Back in June 2021, Google began to roll out a core algorithm update designed to provide the best experience to users by ranking pages that offer a quality page performance first. This update considered several page experience signals, including Core Web Vitals.

Core Web Vitals is a set of metrics focused on different aspects of the user experience, including load time. This is not surprising. Page speed has been a Google ranking factor for desktop since 2010 and for mobile since 2018.

If you’re a WordPress website owner, then you’re likely always looking for more ways to speed up your website. One way is to add expires headers. Let’s look at what these headers are and how you can add them in WordPress, with or without a plugin.

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This HTTP header helps ensure that returning visitors are not shown outdated content when visiting your site. It also helps speed up their load time. To understand how, you need to first understand browser caching.

When you visit a website, your browser communicates with the web server to request and download files required to display the web page. Depending on how complicated the web page is, this could mean tons of files are being transferred between your browser and the server.

For example, in the illustration below, the browser must request four static resources from the server to display the web page:

HTTP request-response exchange showing browser request and retrieve four resources from the website's server

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The good news is that if expires headers are set for those files, then the next time you visit that site, your browser can pull the available files from the cache instead of having to request and download them from the server again.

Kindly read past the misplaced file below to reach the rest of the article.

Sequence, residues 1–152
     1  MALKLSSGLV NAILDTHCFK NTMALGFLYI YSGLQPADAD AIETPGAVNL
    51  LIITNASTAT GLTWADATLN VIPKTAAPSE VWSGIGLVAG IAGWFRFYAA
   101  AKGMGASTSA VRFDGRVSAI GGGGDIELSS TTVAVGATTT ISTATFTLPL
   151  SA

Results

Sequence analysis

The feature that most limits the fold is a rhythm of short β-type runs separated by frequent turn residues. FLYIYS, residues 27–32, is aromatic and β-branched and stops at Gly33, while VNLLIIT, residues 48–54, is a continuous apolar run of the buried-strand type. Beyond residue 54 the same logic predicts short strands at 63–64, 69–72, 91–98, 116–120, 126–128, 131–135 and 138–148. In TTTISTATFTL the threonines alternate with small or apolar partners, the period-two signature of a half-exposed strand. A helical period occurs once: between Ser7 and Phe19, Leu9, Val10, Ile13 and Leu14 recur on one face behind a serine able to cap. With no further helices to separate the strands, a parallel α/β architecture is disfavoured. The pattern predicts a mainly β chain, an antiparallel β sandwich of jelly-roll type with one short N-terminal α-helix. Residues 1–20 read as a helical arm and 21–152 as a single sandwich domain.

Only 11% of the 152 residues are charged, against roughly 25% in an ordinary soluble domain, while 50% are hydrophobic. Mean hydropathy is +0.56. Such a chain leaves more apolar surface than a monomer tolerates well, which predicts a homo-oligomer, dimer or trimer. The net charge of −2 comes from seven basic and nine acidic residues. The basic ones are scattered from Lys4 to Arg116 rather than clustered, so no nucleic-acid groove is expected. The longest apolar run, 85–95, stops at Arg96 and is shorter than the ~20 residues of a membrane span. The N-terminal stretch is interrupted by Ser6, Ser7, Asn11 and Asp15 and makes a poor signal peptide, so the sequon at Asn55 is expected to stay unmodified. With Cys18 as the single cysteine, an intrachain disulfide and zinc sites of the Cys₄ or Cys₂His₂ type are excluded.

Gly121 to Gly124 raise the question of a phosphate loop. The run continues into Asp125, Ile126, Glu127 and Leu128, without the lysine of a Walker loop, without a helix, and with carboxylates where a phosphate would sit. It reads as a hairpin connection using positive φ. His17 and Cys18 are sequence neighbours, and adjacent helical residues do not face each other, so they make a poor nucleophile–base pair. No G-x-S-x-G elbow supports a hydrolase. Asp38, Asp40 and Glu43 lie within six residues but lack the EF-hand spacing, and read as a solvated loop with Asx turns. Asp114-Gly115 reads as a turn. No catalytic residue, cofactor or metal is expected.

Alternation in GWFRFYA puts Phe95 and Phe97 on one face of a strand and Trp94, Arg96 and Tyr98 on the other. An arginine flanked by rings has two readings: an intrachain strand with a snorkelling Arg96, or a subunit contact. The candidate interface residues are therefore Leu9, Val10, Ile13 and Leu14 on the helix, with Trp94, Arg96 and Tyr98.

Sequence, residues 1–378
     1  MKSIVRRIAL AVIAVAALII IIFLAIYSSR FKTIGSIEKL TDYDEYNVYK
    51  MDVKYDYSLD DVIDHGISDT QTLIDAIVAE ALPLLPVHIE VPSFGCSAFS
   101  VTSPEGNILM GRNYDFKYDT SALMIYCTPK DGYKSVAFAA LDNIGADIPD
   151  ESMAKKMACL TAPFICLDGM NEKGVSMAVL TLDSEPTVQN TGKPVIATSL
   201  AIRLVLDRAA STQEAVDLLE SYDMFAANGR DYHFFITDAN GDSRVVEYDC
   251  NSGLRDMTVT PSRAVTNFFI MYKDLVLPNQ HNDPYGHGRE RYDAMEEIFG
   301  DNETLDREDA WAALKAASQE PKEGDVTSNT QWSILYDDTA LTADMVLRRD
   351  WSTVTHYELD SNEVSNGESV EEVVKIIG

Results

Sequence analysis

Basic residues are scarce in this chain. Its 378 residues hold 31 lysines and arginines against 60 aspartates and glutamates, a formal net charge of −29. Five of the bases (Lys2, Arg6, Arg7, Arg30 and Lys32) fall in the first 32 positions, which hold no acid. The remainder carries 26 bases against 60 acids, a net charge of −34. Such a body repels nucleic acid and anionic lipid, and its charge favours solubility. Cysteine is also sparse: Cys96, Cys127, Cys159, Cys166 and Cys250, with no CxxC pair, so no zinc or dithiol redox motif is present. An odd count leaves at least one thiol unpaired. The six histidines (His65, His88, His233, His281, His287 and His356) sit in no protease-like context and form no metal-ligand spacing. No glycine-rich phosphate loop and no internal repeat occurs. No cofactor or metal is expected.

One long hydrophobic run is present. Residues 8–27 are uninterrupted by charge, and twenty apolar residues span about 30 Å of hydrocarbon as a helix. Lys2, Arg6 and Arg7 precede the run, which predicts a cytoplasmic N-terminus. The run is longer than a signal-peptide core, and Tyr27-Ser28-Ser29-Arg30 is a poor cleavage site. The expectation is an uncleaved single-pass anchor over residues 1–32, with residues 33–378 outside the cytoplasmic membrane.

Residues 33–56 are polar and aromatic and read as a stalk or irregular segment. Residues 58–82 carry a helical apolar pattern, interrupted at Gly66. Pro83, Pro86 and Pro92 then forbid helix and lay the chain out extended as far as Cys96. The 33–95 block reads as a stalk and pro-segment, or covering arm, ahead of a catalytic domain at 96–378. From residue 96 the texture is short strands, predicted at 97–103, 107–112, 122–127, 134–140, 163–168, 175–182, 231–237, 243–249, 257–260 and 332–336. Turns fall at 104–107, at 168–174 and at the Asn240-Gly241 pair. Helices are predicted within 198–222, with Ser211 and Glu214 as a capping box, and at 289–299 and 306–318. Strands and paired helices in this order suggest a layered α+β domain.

In the illustration below, notice that the browser can grab most of the resources from the cache and only has to request one from the server:

HTTP request-response exchange showing browser grabbing three resources from the cache and only requesting one from the website's server

So adding expires headers provides two benefits — it not only reduces the number of HTTP requests sent to the server, it also reduces the number of files that need to be downloaded. The result is a faster load time.

Now that we understand the benefits of expires headers, let’s go over how to format this type of header.

Expires Headers Format

The expires header has two different formats. They are:

  • ExpiresByType: Use this format to apply an expiration period to different file types. The syntax of this header is ExpiresByType [file name] “access [time interval].”
  • ExpiresDefault: Use this format to apply an expiration period to all site resources by default. The syntax of this header is ExpiresDefault “access [time interval].”

It’s best to set ExpiresByType headers for most of your site resources, including your HTML, CSS, JavaScript, and XML files and images and other media files. Then you can set an ExpiresDefault as a catch-all for the rest of your content. 

Images and media files typically have the longest expiration periods (usually about a year), while other files have shorter expiration periods (usually about a month).

Now let's walk through how to add expires headers to your WordPress site.

How to Add Expires Headers in WordPress

To add expires headers in WordPress, you can modify your server files, or use a plugin. The former is best for advanced users since making a mistake when modifying your server files can break something on your site. If you don’t have as much technical experience, then you’ll be better off using a plugin.

Add Expires Headers in WordPress Without A Plugin

The process for adding expires headers manually in WordPress depends on the server you use. Below we’ve outlined the steps for an Apache and Nginx server.